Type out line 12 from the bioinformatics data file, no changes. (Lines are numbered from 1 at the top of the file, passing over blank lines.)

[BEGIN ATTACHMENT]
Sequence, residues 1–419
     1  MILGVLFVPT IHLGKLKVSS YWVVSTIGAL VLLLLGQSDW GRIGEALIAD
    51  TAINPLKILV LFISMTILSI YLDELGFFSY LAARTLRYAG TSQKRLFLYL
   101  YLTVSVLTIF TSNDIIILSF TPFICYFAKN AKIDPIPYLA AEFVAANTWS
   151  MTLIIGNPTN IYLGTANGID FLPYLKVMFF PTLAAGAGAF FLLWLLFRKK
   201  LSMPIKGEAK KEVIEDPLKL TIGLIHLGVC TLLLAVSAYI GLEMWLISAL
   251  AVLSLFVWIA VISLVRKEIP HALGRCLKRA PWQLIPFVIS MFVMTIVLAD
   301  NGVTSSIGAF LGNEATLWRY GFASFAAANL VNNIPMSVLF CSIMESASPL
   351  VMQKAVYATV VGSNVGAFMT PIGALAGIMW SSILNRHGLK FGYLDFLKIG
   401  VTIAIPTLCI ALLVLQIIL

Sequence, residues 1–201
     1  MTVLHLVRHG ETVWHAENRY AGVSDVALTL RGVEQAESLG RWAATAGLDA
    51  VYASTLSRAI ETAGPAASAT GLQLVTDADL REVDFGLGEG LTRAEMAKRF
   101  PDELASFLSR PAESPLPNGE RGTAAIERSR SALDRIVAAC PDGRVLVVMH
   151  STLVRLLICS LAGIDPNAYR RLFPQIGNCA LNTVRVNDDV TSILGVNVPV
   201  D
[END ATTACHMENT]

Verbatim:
     1  MTVLHLVRHG ETVWHAENRY AGVSDVALTL RGVEQAESLG RWAATAGLDA